Chapter Summary. Section 1: The Roman World Takes Shape. Section 2: From Republic to Empire

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1 Chapter Review Chapter Summary Section 1: The Roman World Takes Shape Rome began as a small city-state. Its geography helped it to grow. It borrowed from the Greeks and Etruscans, and developed into a republic with a powerful citizen army. Section 2: From Republic to Empire Through a policy of imperialism, Rome grew to control the Mediterranean. Many civic virtues began to disappear as the people focused on wealth and leisure. Powerful emperors brought order, prosperity, and peace. Ancient Rome and the Rise of Christianity (509 B.C. A.D. 476)

2 Chapter Review Chapter Summary (continued) Section 3: The Roman Achievement The Romans admired Greek culture and the arts. Art was an important part of their culture. Their commitment to law is a legacy we enjoy today. They applied math and science to engineer aqueducts, temples, and stadiums. Section 4: The Rise of Christianity Amid rebellion and strife among the Jews, Jesus was born and began preaching. Although Jesus was executed by the Romans and early Christians were targets of persecution, in time Christianity became the official religion of Rome. Ancient Rome and the Rise of Christianity (509 B.C. A.D. 476)

3 Chapter Review Chapter Summary (continued) Section 5: The Long Decline Civil wars, political corruption, burdensome taxes, a loss of civic virtue, and an unwieldy bureaucracy all contributed to Rome s decline over time. Waves of Germanic invaders finally destroyed the western Roman empire in 476. Ancient Rome and the Rise of Christianity (509 B.C. A.D. 476)

4 Section 1 Objectives Describe the physical and cultural settings in which Roman civilization arose. Outline how the Roman republic was structured and governed. Understand the rights and religious practices that characterized Roman society. Explain how the Roman republic grew and maintained its conquests. The Roman World Takes Shape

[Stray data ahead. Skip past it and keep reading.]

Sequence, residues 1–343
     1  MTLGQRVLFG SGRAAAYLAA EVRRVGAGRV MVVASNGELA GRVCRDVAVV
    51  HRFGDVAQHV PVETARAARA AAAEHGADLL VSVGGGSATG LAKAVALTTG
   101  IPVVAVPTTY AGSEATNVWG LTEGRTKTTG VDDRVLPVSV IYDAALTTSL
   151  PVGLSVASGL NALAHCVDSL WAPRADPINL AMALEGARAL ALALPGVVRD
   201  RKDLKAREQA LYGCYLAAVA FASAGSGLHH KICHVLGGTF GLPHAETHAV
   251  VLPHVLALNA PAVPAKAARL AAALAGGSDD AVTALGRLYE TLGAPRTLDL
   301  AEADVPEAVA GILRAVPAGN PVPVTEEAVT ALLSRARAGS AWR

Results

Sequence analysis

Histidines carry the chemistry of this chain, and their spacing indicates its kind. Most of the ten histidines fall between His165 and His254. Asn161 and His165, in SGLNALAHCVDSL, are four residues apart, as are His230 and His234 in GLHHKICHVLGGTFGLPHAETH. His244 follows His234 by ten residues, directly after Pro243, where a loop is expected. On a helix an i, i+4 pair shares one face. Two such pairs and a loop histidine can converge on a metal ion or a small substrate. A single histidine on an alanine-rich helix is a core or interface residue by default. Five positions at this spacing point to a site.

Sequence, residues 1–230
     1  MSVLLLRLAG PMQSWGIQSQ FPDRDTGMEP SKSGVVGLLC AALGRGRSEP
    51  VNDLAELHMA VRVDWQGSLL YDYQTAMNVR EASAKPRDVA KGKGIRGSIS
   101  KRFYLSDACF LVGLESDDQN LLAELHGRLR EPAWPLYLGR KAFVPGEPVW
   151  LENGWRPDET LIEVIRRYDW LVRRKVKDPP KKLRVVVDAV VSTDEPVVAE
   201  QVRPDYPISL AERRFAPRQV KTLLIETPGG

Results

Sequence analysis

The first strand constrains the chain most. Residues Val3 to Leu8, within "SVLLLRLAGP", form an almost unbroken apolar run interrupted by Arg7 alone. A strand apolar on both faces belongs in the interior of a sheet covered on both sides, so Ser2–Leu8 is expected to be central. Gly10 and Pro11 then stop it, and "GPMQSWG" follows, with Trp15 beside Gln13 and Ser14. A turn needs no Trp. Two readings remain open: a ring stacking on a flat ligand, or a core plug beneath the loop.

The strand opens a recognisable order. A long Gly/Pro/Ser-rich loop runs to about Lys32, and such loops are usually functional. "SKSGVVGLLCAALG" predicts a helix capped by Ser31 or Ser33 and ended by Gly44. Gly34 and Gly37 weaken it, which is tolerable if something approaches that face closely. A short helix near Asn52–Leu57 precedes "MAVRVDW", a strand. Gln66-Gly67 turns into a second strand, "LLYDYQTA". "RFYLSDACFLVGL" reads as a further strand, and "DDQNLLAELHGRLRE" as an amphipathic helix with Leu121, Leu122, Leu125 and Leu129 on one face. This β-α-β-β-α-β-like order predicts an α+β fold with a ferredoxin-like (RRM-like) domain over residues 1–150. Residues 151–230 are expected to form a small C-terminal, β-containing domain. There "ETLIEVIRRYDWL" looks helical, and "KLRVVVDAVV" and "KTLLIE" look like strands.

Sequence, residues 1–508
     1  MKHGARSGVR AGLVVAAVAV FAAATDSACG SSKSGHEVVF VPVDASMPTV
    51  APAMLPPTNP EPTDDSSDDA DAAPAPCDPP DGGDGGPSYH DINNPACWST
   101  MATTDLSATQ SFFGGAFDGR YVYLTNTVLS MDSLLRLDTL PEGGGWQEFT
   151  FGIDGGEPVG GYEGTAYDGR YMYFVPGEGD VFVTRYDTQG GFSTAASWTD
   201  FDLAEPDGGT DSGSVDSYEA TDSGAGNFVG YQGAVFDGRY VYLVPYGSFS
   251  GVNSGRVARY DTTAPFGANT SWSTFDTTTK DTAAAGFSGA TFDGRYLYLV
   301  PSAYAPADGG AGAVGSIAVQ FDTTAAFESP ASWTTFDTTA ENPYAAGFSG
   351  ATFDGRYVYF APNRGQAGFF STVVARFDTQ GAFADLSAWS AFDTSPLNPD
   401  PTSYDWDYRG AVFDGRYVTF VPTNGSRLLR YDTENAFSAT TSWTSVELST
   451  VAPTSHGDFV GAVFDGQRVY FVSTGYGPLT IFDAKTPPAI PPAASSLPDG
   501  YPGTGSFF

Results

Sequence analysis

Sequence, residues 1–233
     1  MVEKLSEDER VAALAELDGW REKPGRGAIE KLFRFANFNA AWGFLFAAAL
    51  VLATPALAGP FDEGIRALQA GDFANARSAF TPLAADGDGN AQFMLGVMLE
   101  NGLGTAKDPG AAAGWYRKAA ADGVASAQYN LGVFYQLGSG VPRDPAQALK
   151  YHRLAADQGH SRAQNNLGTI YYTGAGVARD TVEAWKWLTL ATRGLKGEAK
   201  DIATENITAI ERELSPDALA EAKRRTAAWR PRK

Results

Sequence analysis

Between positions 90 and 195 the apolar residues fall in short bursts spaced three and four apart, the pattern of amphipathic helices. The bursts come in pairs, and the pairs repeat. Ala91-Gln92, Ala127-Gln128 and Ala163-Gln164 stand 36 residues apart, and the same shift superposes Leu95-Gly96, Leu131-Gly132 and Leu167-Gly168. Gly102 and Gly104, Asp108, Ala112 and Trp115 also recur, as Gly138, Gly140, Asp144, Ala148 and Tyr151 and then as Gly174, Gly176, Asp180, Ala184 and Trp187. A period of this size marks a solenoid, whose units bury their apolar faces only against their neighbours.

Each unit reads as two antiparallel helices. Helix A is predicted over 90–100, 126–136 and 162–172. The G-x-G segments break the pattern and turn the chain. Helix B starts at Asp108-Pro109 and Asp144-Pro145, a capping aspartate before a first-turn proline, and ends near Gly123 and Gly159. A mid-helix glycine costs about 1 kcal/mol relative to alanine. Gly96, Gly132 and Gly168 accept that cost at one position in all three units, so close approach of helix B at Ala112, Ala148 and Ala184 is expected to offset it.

5 Section 1 Terms and People Etruscans the civilization that ruled northern Italy prior to the Romans republic a form of government in which the people choose officials who make laws patrician a member of the landed upper class that controlled positions in the Roman Senate consul one of two patricians selected each term to supervise the business of government and command the armies The Roman World Takes Shape

6 Section 1 Terms and People (continued) dictator a ruler who has complete control over the government plebeian a member of the class of farmers, merchants, and artisans who made up most of the population of Rome tribune an official elected to the Senate to protect plebeian interests veto the ability of tribunes to block a law they found harmful to plebeians legion the basic Roman military unit of 5,000 men The Roman World Takes Shape

7 Section 1 What values formed the basis of Roman society and government? Rome began as a small city in Italy and became ruler of the Mediterranean and beyond. The story of the Romans and how they built an empire begins with the land in which they lived. The Roman World Takes Shape

8 Section 1 Geography helped to unify Rome Unlike Greece, Italy was not broken into small valleys or divided by rugged mountains. Broad fertile plains to the north and west supported a growing population. The Roman World Takes Shape

9 Section 1 The Italian peninsula was centrally located in the Mediterranean Sea. The Roman World Takes Shape

10 Section 1 About 800 B.C., the Latins migrated to Italy and settled along the Tiber River. Greek colonists to the south and Etruscans in the north shared the peninsula and contributed engineering and religious ideas to Roman civilization. Legend says Rome was founded by twin brothers, Remus and Romulus, the sons of a Latin woman and the god Mars, giving Romans divine origins. The Roman World Takes Shape